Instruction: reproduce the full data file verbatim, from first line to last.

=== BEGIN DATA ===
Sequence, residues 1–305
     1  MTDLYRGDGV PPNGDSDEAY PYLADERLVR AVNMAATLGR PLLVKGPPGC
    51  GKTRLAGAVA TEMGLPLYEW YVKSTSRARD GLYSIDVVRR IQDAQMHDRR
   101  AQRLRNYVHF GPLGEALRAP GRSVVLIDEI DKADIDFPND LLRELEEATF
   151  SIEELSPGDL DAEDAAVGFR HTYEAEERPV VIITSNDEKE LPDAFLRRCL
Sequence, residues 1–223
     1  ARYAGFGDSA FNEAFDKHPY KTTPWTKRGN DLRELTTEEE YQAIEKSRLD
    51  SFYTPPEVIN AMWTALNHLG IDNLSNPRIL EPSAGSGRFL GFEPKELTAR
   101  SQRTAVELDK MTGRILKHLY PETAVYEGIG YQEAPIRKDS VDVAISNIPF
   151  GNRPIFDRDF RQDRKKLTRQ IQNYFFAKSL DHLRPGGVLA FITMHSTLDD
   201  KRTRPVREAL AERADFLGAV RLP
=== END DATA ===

Sequence, residues 1–305
     1  MTDLYRGDGV PPNGDSDEAY PYLADERLVR AVNMAATLGR PLLVKGPPGC
    51  GKTRLAGAVA TEMGLPLYEW YVKSTSRARD GLYSIDVVRR IQDAQMHDRR
   101  AQRLRNYVHF GPLGEALRAP GRSVVLIDEI DKADIDFPND LLRELEEATF
   151  SIEELSPGDL DAEDAAVGFR HTYEAEERPV VIITSNDEKE LPDAFLRRCL
Sequence, residues 1–223
     1  ARYAGFGDSA FNEAFDKHPY KTTPWTKRGN DLRELTTEEE YQAIEKSRLD
    51  SFYTPPEVIN AMWTALNHLG IDNLSNPRIL EPSAGSGRFL GFEPKELTAR
   101  SQRTAVELDK MTGRILKHLY PETAVYEGIG YQEAPIRKDS VDVAISNIPF
   151  GNRPIFDRDF RQDRKKLTRQ IQNYFFAKSL DHLRPGGVLA FITMHSTLDD
   201  KRTRPVREAL AERADFLGAV RLP